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Abu Dhabi, UAESunday 16 December 2018

Snarky Puppy’s Bill Laurance on his new album and how he is ushering in a new jazz movement

After a decade as a core member of genre-blurring, Grammy-winning, YouTube sensations Snarky Puppy, pianist/composer Bill Laurance has suddenly struck out with four solo albums in less than three years.
British pianist and composer Bill Laurance. Photo by Jazz Services / Heritage Images / Getty Images
British pianist and composer Bill Laurance. Photo by Jazz Services / Heritage Images / Getty Images

Bill Laurance is waiting for no one. After a decade touring the world as a core member of genre-blurring, Grammy-winning, YouTube sensation Snarky Puppy, the prodigious pianist/composer has struck out – releasing four solo albums in less than three years.

The first, Flint, topped the iTunes jazz chart in the summer of 2014. The latest, Live at Union Chapel, collects the best of its three predecessors, bravely recreating Laurance’s intricate, cinematic fusion of jazz, funk, electro and classical flavours in an impressive live CD/DVD set.

Is it a coincidence you recorded the album at a venue near where you grew up, in North London? Tell us about it.

There was lot of history with this building. The last time I was there I was 9 years old and I played the Beverly Hills Cop theme tune on the organ – and that seemed to go down quite well, so I’ve always been waiting for opportunity to go back.

After 10 years in Snarky Puppy, you released four solo albums in three years. Why wait so long and then work so fast?

The first album, Flint, was the coming together of 10 years of work. It was research and development: recording EPs and albums and not officially being prepared to release anything. Previously, I’d been trying to categorise myself as either a jazz thing, a pop thing, an electronic thing. With Flint, I decided to just put it all in the same pot, and suddenly it felt like I’d found part of what I was looking for. And once I found a rhythm and a sound that interested me, it all happened quickly.

Would you consider breaking away from Snarky for good?

No, I think as long as they’ll have me, I’ll always be honoured and proud to be part of the Snarky family. The core members will always be the core members – there’s a very strong bond between all of us and we’ll always be there for one another, and if time allows we’ll carry on playing together.

How did a London lad end up in a big American jazz/pop ensemble?

Me and [founder] Michael League met on a gig in Leeds [in the United Kingdom] before Snarky Puppy existed. I was looking to spread my wings and he was looking for a piano player. He flew me out to Dallas to record the very first Snarky Puppy album, The Only Constant [in 2006]. Then I was going back and forth, and have been ever since. For years we played house parties and slept on sofas, made no money, toured all of America and had a whale of a time. Then we did a live DVD of that studio record, [2010’s] Tell Your Friends and, thanks to Facebook and YouTube, it really became a wave.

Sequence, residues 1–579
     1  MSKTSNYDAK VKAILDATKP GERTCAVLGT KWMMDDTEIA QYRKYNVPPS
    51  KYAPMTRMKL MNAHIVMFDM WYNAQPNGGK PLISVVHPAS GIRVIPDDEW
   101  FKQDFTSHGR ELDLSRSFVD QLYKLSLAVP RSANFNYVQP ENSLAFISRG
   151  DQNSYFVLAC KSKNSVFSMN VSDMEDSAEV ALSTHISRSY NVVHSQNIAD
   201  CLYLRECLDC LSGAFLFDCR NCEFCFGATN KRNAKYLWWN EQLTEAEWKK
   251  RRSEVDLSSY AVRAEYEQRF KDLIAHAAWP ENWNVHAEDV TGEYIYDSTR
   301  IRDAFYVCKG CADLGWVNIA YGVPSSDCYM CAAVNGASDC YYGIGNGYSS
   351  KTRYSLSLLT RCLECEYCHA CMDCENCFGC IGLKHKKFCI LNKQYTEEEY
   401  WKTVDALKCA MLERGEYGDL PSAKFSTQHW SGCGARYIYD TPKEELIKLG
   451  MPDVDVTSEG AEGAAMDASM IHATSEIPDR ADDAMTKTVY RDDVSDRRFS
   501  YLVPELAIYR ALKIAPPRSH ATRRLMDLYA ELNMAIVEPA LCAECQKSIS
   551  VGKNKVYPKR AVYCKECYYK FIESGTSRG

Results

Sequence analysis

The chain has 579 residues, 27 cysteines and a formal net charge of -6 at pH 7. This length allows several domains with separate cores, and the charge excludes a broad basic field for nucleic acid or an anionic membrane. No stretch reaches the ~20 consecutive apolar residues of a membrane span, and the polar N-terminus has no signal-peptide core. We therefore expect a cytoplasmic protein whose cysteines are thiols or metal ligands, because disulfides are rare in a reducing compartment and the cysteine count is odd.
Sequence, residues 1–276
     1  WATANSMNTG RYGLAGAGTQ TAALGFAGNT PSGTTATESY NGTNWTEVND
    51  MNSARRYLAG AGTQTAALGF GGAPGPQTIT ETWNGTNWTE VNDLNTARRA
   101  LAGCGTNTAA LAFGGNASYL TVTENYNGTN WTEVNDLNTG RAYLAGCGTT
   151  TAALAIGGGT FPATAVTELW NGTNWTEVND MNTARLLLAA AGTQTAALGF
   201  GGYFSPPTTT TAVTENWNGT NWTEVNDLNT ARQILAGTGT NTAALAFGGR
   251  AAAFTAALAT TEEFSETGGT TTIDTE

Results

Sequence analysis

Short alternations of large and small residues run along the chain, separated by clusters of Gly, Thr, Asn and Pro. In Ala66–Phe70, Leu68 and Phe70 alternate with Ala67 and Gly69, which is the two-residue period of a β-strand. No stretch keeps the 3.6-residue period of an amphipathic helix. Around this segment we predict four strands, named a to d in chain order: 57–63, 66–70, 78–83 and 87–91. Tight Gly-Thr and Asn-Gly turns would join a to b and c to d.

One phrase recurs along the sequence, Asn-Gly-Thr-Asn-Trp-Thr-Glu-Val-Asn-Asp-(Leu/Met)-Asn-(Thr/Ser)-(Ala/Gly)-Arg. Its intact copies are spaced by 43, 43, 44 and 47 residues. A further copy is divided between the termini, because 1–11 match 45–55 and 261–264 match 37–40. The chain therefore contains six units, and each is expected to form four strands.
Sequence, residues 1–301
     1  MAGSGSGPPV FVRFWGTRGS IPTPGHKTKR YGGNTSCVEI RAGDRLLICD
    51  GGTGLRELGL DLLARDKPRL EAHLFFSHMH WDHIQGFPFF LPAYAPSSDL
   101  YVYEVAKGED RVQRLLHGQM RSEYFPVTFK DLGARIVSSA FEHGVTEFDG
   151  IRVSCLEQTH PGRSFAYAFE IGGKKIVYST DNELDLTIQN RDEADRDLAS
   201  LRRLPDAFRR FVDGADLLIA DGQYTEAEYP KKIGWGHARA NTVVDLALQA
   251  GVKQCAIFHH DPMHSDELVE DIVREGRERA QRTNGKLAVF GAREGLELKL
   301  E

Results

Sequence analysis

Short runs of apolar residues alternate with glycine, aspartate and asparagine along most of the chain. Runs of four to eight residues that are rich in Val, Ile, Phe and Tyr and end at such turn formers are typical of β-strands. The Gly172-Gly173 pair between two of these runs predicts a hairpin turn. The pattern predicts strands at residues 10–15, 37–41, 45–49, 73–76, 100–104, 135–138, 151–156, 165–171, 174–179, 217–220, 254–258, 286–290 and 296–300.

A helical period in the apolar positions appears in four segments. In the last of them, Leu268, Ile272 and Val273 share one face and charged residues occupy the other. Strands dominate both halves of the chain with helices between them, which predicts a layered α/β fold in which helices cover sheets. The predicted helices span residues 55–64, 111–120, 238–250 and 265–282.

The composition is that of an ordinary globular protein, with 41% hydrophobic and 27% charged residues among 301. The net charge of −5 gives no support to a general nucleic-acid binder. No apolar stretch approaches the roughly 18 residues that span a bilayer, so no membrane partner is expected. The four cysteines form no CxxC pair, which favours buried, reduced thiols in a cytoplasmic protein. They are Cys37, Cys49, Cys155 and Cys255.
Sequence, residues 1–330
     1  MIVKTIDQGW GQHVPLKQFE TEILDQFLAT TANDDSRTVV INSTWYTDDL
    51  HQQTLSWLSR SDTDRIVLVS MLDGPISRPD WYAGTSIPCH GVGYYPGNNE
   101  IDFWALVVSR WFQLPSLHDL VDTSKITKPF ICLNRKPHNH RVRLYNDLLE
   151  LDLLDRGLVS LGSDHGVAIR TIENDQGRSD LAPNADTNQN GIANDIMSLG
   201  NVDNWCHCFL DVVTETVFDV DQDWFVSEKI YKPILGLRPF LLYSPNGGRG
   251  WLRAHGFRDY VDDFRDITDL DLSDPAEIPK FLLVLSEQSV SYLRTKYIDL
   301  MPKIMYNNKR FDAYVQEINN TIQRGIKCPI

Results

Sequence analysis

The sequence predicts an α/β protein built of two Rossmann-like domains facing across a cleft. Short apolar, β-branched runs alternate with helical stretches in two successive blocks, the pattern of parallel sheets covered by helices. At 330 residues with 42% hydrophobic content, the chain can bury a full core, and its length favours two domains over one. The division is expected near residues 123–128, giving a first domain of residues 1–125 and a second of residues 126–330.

Why did that outfit, that performance and that record, touch so many people?

I think the jazz scene had become a bit disillusioned, a little bit too cerebral. We were trying to put the joy back into improvising. You can get really caught up in scales, modes and techniques – everyone trying to play faster than everyone else – and actually it’s just about the celebration.

It was also a new idea to put a band in a studio with an audience – so you had a studio-quality album, but also the interaction of band with audience. And also the way people share music today – lot of musicians say it’s very difficult to survive because you can’t sell records anymore. Though that may be true, without Facebook and YouTube, I don’t think Snarky would be anywhere near as big as they are right now. It works both ways. It’s about using the technology to your advantage.

We are often told we are enjoying a new golden age of jazz, thanks to crossover stars such as Robert Glasper and Kamasi Washington. Do you feel part of a movement?

I really do. At my own gigs, a younger generation of musicians will come up to me and be completely elated and very thankful. They’re so grateful that they’ve found something to get excited about again. It really does feel like it’s a movement – a resurgence of interest in instrumental, improvised music. I feel like, pretty much since Miles [Davis], it’s lost its way a bit. Now it feels like more and more people want to be engaged in this art form, and that’s a really exciting thing to be a part of.

You’ve worked with musicians from all musical fields – David Crosby, Morcheeba, Salif Keita, Miss Dynamite – who made the greatest impression?

I was fortunate enough to meet Stevie Wonder last year – bizarrely, on a boat in the South China Sea. A very strange moment. I said to him: ‘Do you have a pearl of wisdom for a young, aspiring musician?’ He said: ‘We are the glue of society and it’s our job to keep love and unity on this planet.’ It really struck a chord with me and, ever since, I feel all the more inspired to be on a mission to be just that.

Live at Union Chapel is out now

rgarratt@thenational.ae